Thursday, 16 December 2010

the old ones are the best

Lecturers involved in training future teachers of EFL sometimes send me very sophisticated queries about English phonetics, anxious that what they tell their students should be exactly right. This is admirable, and I am all in favour of accuracy and avoiding sloppiness. But it is good to be reminded from time to time that there are some very basic issues that many ordinary users of English as a foreign, second, or international language fail to master, partly because teachers fail to teach them.I found this handwritten notice, in English and Greek, on, a website mainly devoted — deplorably — to laughing at foreigners, but also acting as a useful reminder of failures on the part of English language teachers (and, of course, language learners).

We can ignore for the moment the misplaced here (never put an adverb between a verb and its direct object). Our interest is phonetics.

Writing live where leave was meant shows us that those who have no iː-ɪ contrast in their L1 readily confuse the two English vowels not only in speaking and hearing but also in reading and writing.

The pair leave liːvlive (v.) lɪv is particularly tricky, since both words are of high frequency, both being among the thousand words most frequently used in spoken and written English.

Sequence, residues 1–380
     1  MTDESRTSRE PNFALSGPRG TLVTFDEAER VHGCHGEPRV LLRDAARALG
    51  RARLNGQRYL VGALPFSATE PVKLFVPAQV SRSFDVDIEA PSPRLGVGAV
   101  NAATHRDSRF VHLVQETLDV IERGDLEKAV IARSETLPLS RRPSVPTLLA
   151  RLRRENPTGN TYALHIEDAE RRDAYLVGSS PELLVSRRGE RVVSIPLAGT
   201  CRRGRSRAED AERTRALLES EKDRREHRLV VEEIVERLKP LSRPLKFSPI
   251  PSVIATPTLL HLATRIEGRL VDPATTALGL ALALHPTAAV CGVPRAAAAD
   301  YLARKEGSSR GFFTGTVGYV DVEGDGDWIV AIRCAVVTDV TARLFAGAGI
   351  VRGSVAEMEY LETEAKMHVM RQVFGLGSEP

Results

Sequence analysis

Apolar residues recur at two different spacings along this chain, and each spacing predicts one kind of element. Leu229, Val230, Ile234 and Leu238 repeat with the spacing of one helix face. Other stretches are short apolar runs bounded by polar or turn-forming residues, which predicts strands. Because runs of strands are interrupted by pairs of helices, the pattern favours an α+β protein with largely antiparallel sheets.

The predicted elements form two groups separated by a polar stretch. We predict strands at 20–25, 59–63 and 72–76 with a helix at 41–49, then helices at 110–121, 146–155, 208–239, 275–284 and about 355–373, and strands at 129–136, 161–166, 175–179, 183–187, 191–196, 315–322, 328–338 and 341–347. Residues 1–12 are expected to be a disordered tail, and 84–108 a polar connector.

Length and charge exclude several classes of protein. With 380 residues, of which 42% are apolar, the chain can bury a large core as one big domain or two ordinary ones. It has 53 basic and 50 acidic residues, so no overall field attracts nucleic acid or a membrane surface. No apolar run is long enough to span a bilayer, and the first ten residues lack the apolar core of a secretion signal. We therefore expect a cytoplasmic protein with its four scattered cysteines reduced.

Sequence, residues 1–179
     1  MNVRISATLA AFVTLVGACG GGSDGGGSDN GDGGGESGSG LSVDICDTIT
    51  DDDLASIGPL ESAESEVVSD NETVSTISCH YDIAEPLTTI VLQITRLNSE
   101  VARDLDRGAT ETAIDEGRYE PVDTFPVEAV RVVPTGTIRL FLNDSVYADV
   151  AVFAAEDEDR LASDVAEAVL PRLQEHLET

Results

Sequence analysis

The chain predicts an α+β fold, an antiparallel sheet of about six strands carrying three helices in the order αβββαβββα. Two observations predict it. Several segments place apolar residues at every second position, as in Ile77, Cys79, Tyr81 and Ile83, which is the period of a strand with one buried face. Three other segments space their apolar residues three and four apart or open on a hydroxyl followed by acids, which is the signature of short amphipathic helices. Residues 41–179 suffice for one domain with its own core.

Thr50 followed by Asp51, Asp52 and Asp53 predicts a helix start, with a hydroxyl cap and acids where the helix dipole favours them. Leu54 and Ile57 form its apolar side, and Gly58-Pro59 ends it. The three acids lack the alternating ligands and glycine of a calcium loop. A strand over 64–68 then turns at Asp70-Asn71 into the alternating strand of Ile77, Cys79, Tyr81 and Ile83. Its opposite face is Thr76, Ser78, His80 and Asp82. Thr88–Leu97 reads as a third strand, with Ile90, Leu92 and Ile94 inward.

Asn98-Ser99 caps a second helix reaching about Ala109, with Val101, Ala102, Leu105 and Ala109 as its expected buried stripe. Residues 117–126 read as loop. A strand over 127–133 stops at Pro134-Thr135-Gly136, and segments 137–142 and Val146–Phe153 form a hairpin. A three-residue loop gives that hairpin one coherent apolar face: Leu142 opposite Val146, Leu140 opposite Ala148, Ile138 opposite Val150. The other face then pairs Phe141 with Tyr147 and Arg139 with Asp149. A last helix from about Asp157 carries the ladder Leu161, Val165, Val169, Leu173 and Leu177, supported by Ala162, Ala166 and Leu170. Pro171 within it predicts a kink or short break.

Given that they are so frequent, and that their meanings are so clearly different, you might expect them to be relatively well mastered — better so than pairs of rarer words such as keeper–kipper or peach–pitch.

But I can think of more than one highly educated fluent speaker of English from a Spanish-speaking country who, like the person who scrawled this notice, gets them wrong not only in speech but also in writing.

People don’t learn the iː-ɪ distinction merely by being exposed to it. They have to be taught it explicitly. Teachers must bite the bullet and do ear training: drill the learner not just in producing the contrast, but more importantly in perceiving it. In Greece, Italy, Spain there are a few enlightened teachers of English who do that, but I am pretty confident that most don’t. Let’s encourage more of them to do so. It’s the only way.